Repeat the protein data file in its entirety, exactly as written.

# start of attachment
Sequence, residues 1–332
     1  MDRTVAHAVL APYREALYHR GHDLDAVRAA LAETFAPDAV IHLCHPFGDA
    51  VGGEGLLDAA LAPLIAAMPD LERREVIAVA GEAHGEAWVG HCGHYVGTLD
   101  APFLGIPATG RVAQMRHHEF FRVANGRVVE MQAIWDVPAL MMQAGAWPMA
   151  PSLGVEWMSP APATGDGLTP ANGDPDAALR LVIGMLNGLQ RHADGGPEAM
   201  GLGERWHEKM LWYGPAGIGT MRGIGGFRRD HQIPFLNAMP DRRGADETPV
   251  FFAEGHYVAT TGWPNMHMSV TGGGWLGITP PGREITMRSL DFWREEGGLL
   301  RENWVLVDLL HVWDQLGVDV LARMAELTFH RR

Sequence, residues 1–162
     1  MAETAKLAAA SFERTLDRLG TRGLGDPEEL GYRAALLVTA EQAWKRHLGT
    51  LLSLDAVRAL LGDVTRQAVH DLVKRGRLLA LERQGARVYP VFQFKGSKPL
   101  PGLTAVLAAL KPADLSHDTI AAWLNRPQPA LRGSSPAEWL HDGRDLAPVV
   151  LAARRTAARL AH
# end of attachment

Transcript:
Sequence, residues 1–332
     1  MDRTVAHAVL APYREALYHR GHDLDAVRAA LAETFAPDAV IHLCHPFGDA
    51  VGGEGLLDAA LAPLIAAMPD LERREVIAVA GEAHGEAWVG HCGHYVGTLD
   101  APFLGIPATG RVAQMRHHEF FRVANGRVVE MQAIWDVPAL MMQAGAWPMA
   151  PSLGVEWMSP APATGDGLTP ANGDPDAALR LVIGMLNGLQ RHADGGPEAM
   201  GLGERWHEKM LWYGPAGIGT MRGIGGFRRD HQIPFLNAMP DRRGADETPV
   251  FFAEGHYVAT TGWPNMHMSV TGGGWLGITP PGREITMRSL DFWREEGGLL
   301  RENWVLVDLL HVWDQLGVDV LARMAELTFH RR

Sequence, residues 1–162
     1  MAETAKLAAA SFERTLDRLG TRGLGDPEEL GYRAALLVTA EQAWKRHLGT
    51  LLSLDAVRAL LGDVTRQAVH DLVKRGRLLA LERQGARVYP VFQFKGSKPL
   101  PGLTAVLAAL KPADLSHDTI AAWLNRPQPA LRGSSPAEWL HDGRDLAPVV
   151  LAARRTAARL AH